VOL. 3, NO. 4, PGS. 1–10


The Problems of Collective Life and Social Change
A conversation with Guy Bajoit

This interview was conducted by Javier Toro.

Guy Bajoit is Professor Emeritus of Sociology at the Catholic University of Louvain. He is the author, among others, of the book El cambio social: análisis sociológico del cambio social and cultural en las sociedades contemporáneas.

This translation has been automatically generated and has not been verified for accuracy.

What are the main problems of ordinary life?

If we call “human collectivity” a group of individuals living together on a delimited territory for a more or less long period of time, we cannot but recognise that, in the history of humanity, human collectivities were terribly fragile: thousands of them did not manage to survive, and disappeared. Why? What does the capacity of a human collectivity to survive in time and space depend on?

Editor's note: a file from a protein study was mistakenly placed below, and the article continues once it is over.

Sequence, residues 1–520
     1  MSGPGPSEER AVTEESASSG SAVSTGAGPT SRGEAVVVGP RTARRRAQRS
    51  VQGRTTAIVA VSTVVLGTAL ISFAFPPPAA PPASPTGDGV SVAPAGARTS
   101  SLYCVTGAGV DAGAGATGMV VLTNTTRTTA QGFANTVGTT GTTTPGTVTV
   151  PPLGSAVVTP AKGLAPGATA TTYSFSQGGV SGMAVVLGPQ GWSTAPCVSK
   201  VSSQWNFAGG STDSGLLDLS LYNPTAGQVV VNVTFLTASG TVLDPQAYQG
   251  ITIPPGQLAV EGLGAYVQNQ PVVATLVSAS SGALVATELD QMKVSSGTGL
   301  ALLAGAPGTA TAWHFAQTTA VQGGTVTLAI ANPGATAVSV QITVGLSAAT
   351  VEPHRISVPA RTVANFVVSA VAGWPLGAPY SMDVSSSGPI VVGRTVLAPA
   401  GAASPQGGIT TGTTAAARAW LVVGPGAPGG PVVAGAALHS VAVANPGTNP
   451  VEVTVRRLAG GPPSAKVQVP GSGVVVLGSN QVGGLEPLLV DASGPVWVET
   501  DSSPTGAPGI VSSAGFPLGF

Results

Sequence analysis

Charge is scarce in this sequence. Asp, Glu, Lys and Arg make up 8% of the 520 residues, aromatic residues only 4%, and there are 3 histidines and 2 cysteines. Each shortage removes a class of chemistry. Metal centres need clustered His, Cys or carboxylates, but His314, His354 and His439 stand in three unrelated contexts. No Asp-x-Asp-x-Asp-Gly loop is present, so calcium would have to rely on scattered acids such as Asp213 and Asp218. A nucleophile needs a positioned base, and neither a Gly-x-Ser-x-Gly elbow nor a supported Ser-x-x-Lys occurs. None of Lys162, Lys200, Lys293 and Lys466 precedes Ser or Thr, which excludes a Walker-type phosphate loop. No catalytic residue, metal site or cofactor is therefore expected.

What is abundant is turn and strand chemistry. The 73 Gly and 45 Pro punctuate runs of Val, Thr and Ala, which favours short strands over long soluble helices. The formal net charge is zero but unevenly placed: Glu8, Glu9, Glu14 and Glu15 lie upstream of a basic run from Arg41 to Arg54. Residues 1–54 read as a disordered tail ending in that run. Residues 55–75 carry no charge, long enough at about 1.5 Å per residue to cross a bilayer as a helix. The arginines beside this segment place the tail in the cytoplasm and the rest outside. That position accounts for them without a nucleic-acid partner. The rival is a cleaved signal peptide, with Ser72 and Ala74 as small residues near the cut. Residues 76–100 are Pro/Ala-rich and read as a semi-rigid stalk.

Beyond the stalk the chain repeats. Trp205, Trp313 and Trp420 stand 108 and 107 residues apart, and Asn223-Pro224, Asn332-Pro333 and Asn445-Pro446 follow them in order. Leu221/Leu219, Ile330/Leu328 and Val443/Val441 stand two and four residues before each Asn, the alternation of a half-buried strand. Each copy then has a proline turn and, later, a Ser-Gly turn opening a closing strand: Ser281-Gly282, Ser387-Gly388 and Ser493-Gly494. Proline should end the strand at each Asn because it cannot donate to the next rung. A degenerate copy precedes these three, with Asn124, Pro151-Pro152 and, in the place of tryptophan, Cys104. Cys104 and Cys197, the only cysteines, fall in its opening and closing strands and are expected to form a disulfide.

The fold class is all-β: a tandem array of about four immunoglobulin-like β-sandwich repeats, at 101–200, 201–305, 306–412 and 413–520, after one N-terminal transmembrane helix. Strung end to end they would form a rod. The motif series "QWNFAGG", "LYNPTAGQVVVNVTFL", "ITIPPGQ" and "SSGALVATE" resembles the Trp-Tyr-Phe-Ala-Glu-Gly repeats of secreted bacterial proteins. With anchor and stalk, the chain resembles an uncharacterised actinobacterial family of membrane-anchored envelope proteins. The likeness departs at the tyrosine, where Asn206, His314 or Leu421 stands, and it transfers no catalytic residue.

I believe that the survival of any collectivity depends on the ability of its social actors to solve seven major problems, which I call “the vital problems of common life”. To solve them, the members of the collectivity have to practice collaborative relationships with each other. But not only do they collaborate, they are also in competition, in conflict and often in contradiction with each other. These antagonistic components of their exchanges have the effect of producing inequalities in social relations. Certain actors (which I call “managers”) have control over the purposes and resources needed to solve the vital problems of common life, while others (which I call “popular”) do not. The former benefit from the inequalities of control and tend to forget the interests of the latter. This makes it difficult to solve the vital problems of common life because the managerial actors and the popular actors do not have the same conception of the solutions to be found to these problems. It can therefore be said that the survival of any community depends on the ability of its actors to resolve the conflicts between management actors and grassroots actors in such a way that these conflicts do not become a contradiction. The essential difference between a conflict and a contradiction is that conflict is an inclusive exchange (each actor needs to re-establish collaboration with the other to achieve its own ends), while contradiction is an exclusive exchange (to achieve its ends, each has to prevent the other from achieving its own ends). As far as competition is concerned, this is also an exclusive exchange, but with “rules of the game” and referees, which is not the case with contradiction.

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